Studying Pay-for-Position Campaign Results

  |  December 13, 2000   |  Comments

There is never any one right solution when it comes to running a good SEO campaign, but pay for position could be a vital component.

The latest trend in generating search engine traffic seems to be the purchase of top listings on pay-for-position search engines, namely Here are results from two case studies I've solicited for this column.

The results represent both the high and low ends of the spectrum on pay-for-position search engine campaigns, further strengthening the case for careful, daily monitoring of your account.

But before presenting the results, here are some variables to consider:

  • Suitability of the web site and its offering on the Internet

  • Functionality of the web site and ease of navigation

  • Popularity of the industry sector or niche audience

  • Brand and value of the offering, competition, or industry saturation

  • Tracking and ability to document ROI

  • Pay-per-position engine(s) and key phrases used

  • Time of year (if seasonal), time of month, or time of day

  • Comparisons with non-pay-per-position engines and directories

Now that the variables have been established, I want to point out that the following case studies are only primitive findings in a very complicated and sophisticated environment. I'd also like to mention that the individuals who volunteered the foregoing data have requested anonymity. They'd rather not tip off competitors about their budgets.

Case Study No. 1

This gets a thumbs up for pay for position. The ad spend was $5,250 bidding key phrases at This resulted in a total revenue of $15,914. The client prefers to keep industry and web site information anonymous.

The web site generated 10,043 reported clicks averaging 52 cents per click. The conversion of these clicks was about eight-tenths of one percent, resulting in 81 orders. The average order was $196, much more than the $125 anticipated for first-time shoppers.

By the time we factored in the cost of goods, return rates, variable operating costs, etc., the result was a $14 contribution per order, which was considered successful.

    In Summary:
    Cost per click: averaged 52 cents
    Cost per action: averaged $68.81
    Return on investment: $1,134 or 7.1 percent (not bad)

Now, if the client were to ride out the holiday season, advertising all the way through December, we don't believe this campaign would remain as profitable due to the escalated bidding. The marketing manager's goal was to get in and bid a reasonable amount, maintaining top-three positioning on both relevant and popular terms early in the buying season. As the marketing manager knows, by maintaining top-three positioning, the web site also receives a tremendous amount of exposure through AOL and other partners.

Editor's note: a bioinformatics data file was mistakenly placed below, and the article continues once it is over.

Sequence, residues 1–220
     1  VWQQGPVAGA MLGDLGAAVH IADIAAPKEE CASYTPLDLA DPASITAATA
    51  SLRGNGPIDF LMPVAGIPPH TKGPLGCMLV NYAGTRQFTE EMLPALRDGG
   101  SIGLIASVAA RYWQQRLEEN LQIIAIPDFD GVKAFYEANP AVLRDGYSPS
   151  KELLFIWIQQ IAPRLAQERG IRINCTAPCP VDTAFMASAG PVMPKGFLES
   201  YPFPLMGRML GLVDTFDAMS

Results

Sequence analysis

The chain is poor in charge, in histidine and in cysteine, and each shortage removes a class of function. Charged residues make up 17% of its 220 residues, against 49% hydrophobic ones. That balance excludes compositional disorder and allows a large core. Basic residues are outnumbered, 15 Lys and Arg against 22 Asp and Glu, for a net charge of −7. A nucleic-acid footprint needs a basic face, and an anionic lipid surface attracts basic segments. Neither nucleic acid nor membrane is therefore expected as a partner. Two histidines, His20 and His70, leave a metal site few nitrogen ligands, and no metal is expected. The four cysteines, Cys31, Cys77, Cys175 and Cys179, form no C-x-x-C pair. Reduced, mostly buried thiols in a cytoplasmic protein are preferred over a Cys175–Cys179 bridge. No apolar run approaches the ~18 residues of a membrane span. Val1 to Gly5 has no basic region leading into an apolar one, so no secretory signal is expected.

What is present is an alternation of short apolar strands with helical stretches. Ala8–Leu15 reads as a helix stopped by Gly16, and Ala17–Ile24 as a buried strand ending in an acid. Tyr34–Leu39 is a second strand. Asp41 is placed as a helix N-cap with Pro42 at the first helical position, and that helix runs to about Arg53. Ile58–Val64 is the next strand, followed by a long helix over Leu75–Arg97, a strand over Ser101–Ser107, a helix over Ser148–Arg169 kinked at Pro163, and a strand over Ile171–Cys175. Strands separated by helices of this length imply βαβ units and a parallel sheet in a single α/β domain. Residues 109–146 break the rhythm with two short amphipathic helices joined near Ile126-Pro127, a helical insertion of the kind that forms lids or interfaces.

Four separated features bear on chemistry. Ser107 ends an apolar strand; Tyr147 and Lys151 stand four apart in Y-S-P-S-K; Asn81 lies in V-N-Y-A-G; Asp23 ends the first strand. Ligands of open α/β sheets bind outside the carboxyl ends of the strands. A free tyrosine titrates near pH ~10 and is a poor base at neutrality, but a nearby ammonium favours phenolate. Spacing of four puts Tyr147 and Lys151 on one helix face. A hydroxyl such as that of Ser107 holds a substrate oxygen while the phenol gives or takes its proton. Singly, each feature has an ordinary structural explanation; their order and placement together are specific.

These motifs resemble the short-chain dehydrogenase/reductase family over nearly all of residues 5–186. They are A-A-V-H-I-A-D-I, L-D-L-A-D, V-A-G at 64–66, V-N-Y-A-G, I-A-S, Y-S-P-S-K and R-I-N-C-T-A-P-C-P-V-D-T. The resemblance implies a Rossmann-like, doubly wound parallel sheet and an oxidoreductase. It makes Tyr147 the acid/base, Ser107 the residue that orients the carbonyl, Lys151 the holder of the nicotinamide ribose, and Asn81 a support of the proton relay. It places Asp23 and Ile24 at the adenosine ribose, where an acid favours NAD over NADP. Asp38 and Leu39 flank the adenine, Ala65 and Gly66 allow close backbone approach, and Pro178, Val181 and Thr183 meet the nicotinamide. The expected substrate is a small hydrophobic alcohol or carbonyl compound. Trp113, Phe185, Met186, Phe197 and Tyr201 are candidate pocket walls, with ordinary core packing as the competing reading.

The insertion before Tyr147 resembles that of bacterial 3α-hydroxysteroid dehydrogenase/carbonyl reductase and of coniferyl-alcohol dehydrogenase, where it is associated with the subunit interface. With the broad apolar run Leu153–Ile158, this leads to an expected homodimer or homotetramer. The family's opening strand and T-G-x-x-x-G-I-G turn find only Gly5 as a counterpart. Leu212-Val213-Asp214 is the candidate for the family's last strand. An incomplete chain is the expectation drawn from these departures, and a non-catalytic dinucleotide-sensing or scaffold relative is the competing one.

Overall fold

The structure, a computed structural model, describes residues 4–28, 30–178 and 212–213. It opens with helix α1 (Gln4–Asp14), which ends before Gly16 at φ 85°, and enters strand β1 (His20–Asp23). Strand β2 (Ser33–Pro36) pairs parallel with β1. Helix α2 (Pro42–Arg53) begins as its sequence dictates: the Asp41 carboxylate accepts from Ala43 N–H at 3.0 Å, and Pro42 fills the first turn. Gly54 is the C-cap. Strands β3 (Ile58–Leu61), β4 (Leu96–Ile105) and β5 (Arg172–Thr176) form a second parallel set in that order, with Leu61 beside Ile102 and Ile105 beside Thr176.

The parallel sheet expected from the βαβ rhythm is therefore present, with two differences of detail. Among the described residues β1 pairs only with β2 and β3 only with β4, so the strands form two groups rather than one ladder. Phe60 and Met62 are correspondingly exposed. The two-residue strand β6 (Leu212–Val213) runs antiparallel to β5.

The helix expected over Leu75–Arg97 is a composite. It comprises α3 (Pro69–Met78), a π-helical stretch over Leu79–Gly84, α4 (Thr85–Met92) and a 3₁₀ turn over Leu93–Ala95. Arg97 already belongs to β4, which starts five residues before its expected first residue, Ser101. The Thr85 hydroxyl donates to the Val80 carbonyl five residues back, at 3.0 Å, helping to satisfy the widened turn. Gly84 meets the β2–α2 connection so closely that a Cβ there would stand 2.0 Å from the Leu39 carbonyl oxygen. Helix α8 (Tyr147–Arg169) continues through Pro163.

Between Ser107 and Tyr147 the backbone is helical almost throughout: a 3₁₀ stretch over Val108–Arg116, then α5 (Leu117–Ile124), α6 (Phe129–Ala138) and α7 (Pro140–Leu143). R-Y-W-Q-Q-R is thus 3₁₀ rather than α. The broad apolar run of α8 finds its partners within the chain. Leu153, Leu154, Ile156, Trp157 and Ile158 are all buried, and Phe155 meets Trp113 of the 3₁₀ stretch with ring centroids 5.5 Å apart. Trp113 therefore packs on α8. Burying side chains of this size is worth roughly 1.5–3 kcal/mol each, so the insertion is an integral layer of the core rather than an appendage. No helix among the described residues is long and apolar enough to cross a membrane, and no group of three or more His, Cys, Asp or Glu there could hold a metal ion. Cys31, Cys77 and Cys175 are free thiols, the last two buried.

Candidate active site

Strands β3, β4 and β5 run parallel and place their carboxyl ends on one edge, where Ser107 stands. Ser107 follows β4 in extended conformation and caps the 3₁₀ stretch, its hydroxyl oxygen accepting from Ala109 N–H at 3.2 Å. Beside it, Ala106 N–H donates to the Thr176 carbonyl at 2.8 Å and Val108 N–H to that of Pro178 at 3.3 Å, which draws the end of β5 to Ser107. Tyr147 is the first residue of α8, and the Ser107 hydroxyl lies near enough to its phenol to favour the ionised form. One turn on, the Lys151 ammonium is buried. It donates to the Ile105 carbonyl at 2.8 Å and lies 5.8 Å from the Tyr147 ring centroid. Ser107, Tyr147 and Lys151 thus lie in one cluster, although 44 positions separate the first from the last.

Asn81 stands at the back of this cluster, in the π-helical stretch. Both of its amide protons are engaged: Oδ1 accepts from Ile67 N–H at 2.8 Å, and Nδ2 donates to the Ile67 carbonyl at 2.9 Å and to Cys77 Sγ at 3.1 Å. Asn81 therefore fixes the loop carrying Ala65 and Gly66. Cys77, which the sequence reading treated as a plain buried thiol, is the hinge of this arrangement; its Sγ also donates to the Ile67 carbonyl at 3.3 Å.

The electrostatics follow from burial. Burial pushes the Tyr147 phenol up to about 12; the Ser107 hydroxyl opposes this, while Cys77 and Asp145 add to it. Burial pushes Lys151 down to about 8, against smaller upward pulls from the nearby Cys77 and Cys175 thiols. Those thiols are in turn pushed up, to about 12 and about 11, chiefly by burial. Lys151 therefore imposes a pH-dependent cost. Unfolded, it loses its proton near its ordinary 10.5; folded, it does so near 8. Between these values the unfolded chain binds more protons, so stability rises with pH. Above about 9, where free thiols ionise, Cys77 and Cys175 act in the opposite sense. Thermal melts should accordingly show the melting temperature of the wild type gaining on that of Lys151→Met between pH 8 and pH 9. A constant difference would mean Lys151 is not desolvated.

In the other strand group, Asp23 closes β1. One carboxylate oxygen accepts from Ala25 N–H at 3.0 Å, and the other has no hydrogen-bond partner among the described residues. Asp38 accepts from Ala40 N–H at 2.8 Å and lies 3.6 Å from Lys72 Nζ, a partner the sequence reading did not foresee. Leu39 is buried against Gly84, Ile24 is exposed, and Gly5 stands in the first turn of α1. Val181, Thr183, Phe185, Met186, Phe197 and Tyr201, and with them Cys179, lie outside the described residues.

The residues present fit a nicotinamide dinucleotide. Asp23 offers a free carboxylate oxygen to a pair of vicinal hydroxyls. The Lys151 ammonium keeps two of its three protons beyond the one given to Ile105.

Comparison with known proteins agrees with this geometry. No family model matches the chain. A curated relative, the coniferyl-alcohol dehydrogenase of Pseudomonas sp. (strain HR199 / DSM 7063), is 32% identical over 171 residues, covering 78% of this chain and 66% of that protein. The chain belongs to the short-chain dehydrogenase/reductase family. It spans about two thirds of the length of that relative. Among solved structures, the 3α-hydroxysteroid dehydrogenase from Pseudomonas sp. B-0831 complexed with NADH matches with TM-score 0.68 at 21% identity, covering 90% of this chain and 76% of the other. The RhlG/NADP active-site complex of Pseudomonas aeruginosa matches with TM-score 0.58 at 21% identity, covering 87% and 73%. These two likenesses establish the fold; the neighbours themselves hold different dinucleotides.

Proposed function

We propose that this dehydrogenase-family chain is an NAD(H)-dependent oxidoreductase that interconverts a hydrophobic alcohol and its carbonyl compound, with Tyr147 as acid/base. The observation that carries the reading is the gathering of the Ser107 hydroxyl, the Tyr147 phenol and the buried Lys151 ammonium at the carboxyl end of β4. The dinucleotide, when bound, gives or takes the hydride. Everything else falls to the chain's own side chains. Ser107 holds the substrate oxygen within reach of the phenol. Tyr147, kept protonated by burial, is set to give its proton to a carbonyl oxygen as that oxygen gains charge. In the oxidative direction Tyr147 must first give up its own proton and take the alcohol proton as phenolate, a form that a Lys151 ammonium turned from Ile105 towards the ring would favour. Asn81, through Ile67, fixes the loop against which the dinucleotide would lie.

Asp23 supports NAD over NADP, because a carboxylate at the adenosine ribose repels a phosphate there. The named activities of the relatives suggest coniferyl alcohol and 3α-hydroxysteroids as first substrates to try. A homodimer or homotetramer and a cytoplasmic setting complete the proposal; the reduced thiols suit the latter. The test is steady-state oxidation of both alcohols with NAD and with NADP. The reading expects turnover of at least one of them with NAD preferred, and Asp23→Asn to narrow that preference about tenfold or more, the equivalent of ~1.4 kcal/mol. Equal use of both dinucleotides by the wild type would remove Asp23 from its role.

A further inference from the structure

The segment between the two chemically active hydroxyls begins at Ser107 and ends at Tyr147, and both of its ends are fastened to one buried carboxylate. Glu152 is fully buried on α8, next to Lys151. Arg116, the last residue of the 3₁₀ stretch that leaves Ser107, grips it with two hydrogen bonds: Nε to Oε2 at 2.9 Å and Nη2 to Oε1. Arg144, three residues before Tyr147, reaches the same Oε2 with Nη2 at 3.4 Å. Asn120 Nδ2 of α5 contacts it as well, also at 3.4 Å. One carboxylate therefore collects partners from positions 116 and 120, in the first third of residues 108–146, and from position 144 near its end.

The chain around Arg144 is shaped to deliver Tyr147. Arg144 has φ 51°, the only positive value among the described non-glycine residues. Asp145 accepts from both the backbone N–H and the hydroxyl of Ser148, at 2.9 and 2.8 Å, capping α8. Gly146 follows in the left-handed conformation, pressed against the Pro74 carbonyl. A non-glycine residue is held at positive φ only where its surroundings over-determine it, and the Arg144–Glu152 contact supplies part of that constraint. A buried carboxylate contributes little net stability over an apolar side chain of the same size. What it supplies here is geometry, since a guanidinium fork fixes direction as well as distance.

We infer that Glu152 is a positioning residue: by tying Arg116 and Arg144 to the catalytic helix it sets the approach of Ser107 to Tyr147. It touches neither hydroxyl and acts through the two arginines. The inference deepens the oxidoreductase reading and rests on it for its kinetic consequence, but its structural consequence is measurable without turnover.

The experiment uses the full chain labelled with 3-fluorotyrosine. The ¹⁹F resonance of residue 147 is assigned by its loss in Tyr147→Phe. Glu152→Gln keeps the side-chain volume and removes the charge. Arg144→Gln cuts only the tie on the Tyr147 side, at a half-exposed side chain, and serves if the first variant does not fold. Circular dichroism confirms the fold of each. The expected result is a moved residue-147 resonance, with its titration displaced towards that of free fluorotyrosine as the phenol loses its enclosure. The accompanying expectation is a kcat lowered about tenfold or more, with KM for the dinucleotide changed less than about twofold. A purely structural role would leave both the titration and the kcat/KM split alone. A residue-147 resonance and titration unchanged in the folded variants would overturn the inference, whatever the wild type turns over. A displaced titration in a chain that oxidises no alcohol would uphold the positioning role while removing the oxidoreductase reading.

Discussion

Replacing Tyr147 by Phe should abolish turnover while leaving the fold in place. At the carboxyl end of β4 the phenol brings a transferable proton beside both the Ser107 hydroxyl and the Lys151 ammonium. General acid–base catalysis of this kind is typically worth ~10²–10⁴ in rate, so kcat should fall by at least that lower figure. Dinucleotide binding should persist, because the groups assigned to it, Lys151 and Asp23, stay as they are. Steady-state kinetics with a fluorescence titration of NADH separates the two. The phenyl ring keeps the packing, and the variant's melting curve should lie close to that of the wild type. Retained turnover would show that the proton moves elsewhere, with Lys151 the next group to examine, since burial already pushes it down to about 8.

Case Study No. 2

This gets a thumbs down for pay for position. This client wouldn't reveal how much was spent and was disappointed with the overall results to date.

    In Summary:
    Cost per click: averaged $1.80
    Cost per action: averaged $46.69
    Return on investment: $0 or 0 percent (not good)

Both these examples attest to the value of considering the list of variables above and the necessity for managing a tight SEO campaign.

Yet another reader wrote to say: "Our ability to get on search engines has been woeful. We are now considering a listing deal on a $2 pay-per-click deal. Compared to the cost per click we've actually gained from buying banner ads, when we convert the level of success through from CPM to CTRs, this is actually not too bad."

Clearly, there are several variables to consider when getting involved with any form of advertising. As John Wanamaker once said: "I know half the money I spend on advertising is wasted, but I can never find out which half." (As quoted in Martin Mayer's "Whatever Happened to Madison Avenue? Advertising in the 90s.")

Here's a case where the buyer is happy -- he must do a lot of mailings: "I get an average of 1,000 targeted visitors through every day for an average price of 34 cents, the price of a stamp!"

Every SEO campaign is different and requires specific measurable results that should be monitored to justify continuation. There is never any one right solution, such as pay for position, in a good SEO campaign. Each SEO campaign requires several components, and pay for position could be one of these components. The best solution is an integrated SEO plan with new strategies and tactics deployed every month.

The best SEO companies are those that allocate a portion of your campaign to include all the options related to good performance. Some options are Yahoo's Business Express, LookSmart's Express Submit, pay-per-position (GoTo type) campaigns, and paid Inktomi content inclusion. SEO is quickly metamorphosing, but you'll get the latest information here.

In coming weeks we'll get intimate with GoTo's Fraud Squad, LookSmart's Express Submit, Ask Jeeves Editorial Guidelines, and a lot of very cool stuff. Until then!

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Paul J. Bruemmer

Paul J. Bruemmer is CEO of Web-Ignite Corporation, a search engine optimization (SEO) and positioning provider. Founded in 1995, Web-Ignite has helped promote over 15,000 Web sites and was recognized by ICONOCAST as one of the top 10 most reputable SEO firms. Services include optimization, submission, registration, positioning, monitoring, maintenance, paid-inclusion, and paid-placement management for fixed monthly fees. Recent client testimonials report search engine traffic increased from 150 to 500 percent.

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